‘I thought Yuri Gagarin died in 1968, in a fighter jet crash,’ Charles said, out of breath. ‘What is his body doing up here?’

            ‘The Soviets faked it, and sent him to space,’ replied Mission Control. ‘We will explain later, but for now you need to get inside the lander, Duke.’

Yuri’s eyes stared back at Charles, unblinking, his face a sickening grey colour. His stomach churned, producing a sour taste in his mouth.  Charles crawled forward and pushed the gold visor back down before standing back up, grabbing the Lander struts for support. Charles backed away from the body, keeping an eye on it as he moved toward the Lander’s ladder. He was half expecting the suit to get up and follow him like a zombie. Forcing himself to look away from it, he climbed up to the main vessel, opened the hatch and stepped inside.

‘Control, I’m inside the lander now. It looks like someone tore it up intentionally, just enough to disable it.’

The panels of the control console had been pried off, and the wiring underneath must have been ripped out, as it was now scattered on the floor or left hanging out of the original cavities. He started rifling through it, trying to work out what was busted. He wasn’t too sure what all of the parts were, but all the components were intact, only the wires had been disconnected. It looked worse than it was, Charles reported, but it would take some time to fix.

            ‘Duke,’ said Kranz. ‘For right now, you need to get the satellite uplink and the remote navigational systems operational again.’

            ‘Yes sir,’ Duke responded, trying not to panic. He only had about half an idea what was going on in the ancient lander. ‘I’ll try sir.’

            ‘Failure is not an option, son.’

Duke fiddled around with all the wires, trying to work out what connected where and what was actually important. It didn’t help that everything was in Russian, but there were plenty of familiar components, and Mission Control was able to point him in the right direction. Somehow, despite having to do it all in his space suit, Charles reconnected the Communication and Navigation panels – in record time, he might add.

            ‘Mission Control, I have fixed what I can. Attempting to power up now.’

Charles flipped the necessary switches and held his breath, waiting for some sign of success. Nothing. He flipped a few more switches, pressed some buttons and hoped. He gave the control panel a good kick and it whirred to life. The panels lit up and an alarm starting blaring which he spent an embarrassing amount of time trying to switch off.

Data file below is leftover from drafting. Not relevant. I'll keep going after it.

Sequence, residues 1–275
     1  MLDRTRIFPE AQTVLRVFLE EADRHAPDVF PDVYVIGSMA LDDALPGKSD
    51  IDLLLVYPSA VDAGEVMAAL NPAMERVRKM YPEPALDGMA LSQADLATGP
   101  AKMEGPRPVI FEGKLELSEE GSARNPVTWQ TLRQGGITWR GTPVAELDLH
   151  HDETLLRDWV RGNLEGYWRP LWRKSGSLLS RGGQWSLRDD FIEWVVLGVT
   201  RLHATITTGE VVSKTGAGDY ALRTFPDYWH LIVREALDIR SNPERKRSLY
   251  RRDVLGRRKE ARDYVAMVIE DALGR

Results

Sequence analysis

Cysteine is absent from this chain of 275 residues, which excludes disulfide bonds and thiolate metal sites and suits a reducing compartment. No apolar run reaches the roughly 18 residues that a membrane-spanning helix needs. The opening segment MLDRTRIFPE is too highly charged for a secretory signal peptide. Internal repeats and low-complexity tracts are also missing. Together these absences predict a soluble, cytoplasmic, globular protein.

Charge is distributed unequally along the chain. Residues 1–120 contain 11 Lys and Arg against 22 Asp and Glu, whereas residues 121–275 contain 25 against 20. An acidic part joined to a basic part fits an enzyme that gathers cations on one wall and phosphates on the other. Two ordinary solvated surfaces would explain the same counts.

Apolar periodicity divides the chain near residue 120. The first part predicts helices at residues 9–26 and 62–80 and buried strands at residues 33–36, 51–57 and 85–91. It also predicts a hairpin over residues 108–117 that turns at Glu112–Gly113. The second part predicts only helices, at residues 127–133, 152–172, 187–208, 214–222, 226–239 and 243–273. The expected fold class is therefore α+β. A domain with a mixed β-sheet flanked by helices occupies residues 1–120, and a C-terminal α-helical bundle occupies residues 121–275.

‘I did it! She’s going!’

Charles heard Mission Control cheering, and he couldn’t be more relieved. He might just have a chance of getting back home, but he felt a pit in his stomach knowing he had to trust this unreliable antique. Mission Control informed him that establishing the satellite link would take some time, so he should go outside to check again for external damage, but mostly he just had to wait for NASA to do their part. Charles climbed out of the Lander, feeling like he was one hundred pounds lighter now that NASA had taken the reins. He walked over and stood by Yuri’s feet, staring down at him, trying not to look at his own reflection.

‘Alright, Yuri. What are you doing here?’ he said.

His eyes fell on the little notebook by the body. He picked it up and fumbled with it, trying to turn the pages with his bulky gloves. It was a diary, filled with notes written neatly in pencil, in what he assumed was Cyrillic. No space crew had used pencils for years, they all used the Fisher Space Pen. No one had used pencil since… Yuri Gagarin. After accidentally crumpling a few pages, Charles found a section near the end written in English. He started to read it, to stop himself thinking about everything that could go wrong in the Lander. 

‘My name is Yuri Gagarin. March 27 1968 Russian government faked my death in jet fighter crash. This was done to keep secret USSR lunar missions, and prevent US sabotage. September 25 1968, Soyuz LK reached Moon orbit. 19:05 I launched LK Lander. At 19:18 I touched down on surface of Moon. I, Yuri Gagarin, am now both first man in space, and first man on Moon. I will also be first man to die on Moon. My commander, Vladimir Komarov believes LK Lander suffered complete failure upon landing, and is unable to return to orbit. This is true and false. Lander is unable to return, but did not fail. I pulled out wires, enough to make them think it failed. I had no intention of returning to Earth. All that waits for me there is death. For me, for wife, for daughters, for brothers and sisters. If never return, they not killed too. I am traitor to country, and now KGB know. For seven years, I work with United States to try prevent Russian sabotage to NASA missions. This sabotage destroy us all. Petty and political. You, whoever read this, you understand. When fly here, to space, to Moon, away from Earth, all things fade away. We are so small, universe is so big. We have duty to self and other humans to explore. Does not matter who goes first.